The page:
Ten years ago (and, ok, 1 day – I am a bit late in posting this) a band called Mansun released an album called Six.
I remember seeing a video for ‘Wide Open Space’, still one of my favourite alltime tracks, which was one of the singles off their first album, ‘Attack of the Grey Lantern’. I guess the title appealed to me based on a youth reading comic books. Wide Open Space was a killer track, but all of Attack of the Grey Lantern was masterfully sequenced, had some excellent songs, and an amazing flow. Needless to say I was looking incredibly forward to a second Mansun album back in the day.
I don’t think I was ever in my life as disappointed with a new album of a band I liked as I was with Six. I found it… unlistenable. The record was simply all over the place, way too many techie sounds everywhere, and songs just ended almost right after starting – it was an ADHD dream and I couldn’t wrap my ears around it. I think I left the album for a good two years.
And then one day I gave it another chance. Or, a good fifteen chances. I listened to the album on repeat a whole day. Until things finally started to click into place. The album was still all over the place, but songs started being crystallized out of the swamp. Granted, each track still felt like a cut-and-paste of song ideas, switching between three different songs during one track, repeating bits from other tracks across tracks, and basically just sounding like the work of a madman. But, with repeated listens, a method emerged from the madness.
Of course, it helps that strewn across this disc there are some of Mansun’s best songs – Being a Girl, Special/Blown It and Legacy are adrenalin rollercoaster tracks. But really, it’s the album experience that ties this album together – few other albums so excellently portray what it is like to be an album. And, you know, these days, albums are quickly becoming a lost art.
Yes, the album is still completely crazy. It is out there. I can’t recall off-hand any other album that has felt so strange and alien at the beginning, and still manages to amaze me. It’s by no means my favourite album, but it definitely wins on the amazing turnaround from utter crap to complete genius it’s thrown at me.
(Incidentally, I mentioned this album before in my 30-albums-I-took-to-Spain list.)
I was disappointed (but not as much as when first hearing Six) when my then girlfriend hooked me up with Little Kix, their third album. I was assuming it was going to win me over in the same way as Six, but never did. I completely lost track of them after that. They split right after releasing that album, and Mansun is one of the few bands I really really like that I’ve never been able to see live. I still regret not seeing them, I would definitely have traveled to the island to go see them.
A month ago I learnt that they actually did have quite a bit of output after that last release – apparently they had wrapped up sessions for their fourth album, and released three discs’ worth of material in a box called Kleptomania that I ought to be getting really soon. Pretty impressive – with any luck it’s actually a lot better than Little Kix.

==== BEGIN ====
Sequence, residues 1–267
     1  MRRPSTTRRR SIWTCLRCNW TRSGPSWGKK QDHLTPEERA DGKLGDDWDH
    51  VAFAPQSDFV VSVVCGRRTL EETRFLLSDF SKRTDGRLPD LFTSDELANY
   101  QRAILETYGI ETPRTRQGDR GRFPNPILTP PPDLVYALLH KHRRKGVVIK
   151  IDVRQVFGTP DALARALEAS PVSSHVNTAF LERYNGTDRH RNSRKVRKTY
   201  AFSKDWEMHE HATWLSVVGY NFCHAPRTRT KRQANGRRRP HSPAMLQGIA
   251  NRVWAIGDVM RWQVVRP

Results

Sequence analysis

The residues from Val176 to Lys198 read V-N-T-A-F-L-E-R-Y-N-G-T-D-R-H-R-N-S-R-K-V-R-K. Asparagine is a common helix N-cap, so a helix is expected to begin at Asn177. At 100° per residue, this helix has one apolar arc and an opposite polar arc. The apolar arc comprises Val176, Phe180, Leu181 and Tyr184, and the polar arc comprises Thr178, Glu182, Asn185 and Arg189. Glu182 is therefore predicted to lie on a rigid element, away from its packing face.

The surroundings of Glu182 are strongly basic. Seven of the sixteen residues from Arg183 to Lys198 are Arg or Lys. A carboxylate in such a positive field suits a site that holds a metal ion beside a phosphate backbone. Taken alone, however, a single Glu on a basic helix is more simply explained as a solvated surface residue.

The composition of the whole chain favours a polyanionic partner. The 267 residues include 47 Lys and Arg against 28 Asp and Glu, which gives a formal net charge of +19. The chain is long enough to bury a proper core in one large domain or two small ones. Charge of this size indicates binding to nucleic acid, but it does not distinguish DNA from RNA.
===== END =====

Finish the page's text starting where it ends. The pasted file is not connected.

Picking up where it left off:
So, by chance someone on last.fm shoutboxed me to get me subcribed to the singer’s blog this week, where he reveals all the secrets about this album and settles many more questions than I ever had about this album.
Three important points I learned from his blog:
- the album really was indeed a piecing together of lots of little song ideas
- amazingly, this whole album was recorded ‘live’ – no after-the-fact Pro Tools editing and splicing. I’ll have to take his word for it, but I would have deemed it impossible from listening to it. Basically, this is one of the final albums of the no-protools-era.
- They did in fact use Pro Tools on this album – but they used it as an instrument. They recorded sounds or bits, tweaked them live in Pro Tools, and played them back through their recording equipment as they mixed it live. So basically, it was also one of the first albums of the protools-era
Also, reading through his entries about each of the tracks makes me even more than in the past want to be the fly on the wall on a recording session of an album – a goal to set for the future I guess…
Seriously, if you love rock music, this album deserves your attention. But it deserves lots of it, or none at all. You need to live in this album for a week and let you win it over. Its rewards can be found through the looking glass, but you need to break on through to the other side.
You know, I think I’m going to listen to Six on repeat for the rest of the week… let’s see if I can get any work done that way!
Thanks, Mansun, for a mindblowing album.
(Update: shit, I found some site that sells a still-‘new’ Kleptomania box set. And of course that site had other stuff I am never able to find, like Catherine Wheel’s Ferment CD because mine is broken. I just splashed out 200 euros on music. Me, a credit card, the internet – a dangerous cocktail)